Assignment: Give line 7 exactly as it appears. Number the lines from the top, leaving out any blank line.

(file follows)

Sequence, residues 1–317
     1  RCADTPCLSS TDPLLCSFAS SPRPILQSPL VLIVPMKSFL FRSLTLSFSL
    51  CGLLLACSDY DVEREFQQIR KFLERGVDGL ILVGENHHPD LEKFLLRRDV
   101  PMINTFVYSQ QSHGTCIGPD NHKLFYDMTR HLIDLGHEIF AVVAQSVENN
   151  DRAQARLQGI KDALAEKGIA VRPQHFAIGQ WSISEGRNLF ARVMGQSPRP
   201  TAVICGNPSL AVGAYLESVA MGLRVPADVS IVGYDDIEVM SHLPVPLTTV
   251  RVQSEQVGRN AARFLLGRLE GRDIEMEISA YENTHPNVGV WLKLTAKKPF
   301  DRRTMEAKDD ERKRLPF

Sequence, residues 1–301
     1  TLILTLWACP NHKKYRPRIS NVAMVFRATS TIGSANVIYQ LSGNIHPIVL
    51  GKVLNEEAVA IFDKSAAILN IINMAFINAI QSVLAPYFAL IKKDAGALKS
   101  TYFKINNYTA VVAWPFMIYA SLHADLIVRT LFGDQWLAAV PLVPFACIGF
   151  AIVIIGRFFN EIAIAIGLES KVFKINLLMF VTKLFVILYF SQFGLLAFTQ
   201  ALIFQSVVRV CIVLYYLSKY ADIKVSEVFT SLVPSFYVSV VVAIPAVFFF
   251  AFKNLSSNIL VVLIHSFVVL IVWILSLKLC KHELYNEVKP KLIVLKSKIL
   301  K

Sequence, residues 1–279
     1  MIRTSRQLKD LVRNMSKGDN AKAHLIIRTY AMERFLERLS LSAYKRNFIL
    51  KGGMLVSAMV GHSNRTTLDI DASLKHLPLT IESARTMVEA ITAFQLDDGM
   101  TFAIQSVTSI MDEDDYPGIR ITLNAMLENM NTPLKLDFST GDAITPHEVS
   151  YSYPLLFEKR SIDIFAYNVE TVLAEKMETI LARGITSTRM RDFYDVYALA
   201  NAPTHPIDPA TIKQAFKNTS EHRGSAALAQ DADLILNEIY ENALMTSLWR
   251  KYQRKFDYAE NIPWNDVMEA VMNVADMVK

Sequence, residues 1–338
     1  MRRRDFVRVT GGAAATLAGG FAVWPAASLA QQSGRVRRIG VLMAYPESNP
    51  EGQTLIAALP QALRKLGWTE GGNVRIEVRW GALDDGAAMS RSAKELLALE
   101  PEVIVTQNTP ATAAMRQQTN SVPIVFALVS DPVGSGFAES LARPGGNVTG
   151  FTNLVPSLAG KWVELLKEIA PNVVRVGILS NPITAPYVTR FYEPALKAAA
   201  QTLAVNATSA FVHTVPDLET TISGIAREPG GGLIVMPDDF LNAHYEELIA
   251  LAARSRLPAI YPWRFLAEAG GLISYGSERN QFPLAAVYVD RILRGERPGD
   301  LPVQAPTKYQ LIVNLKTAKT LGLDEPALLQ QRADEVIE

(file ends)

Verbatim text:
   251  RVQSEQVGRN AARFLLGRLE GRDIEMEISA YENTHPNVGV WLKLTAKKPF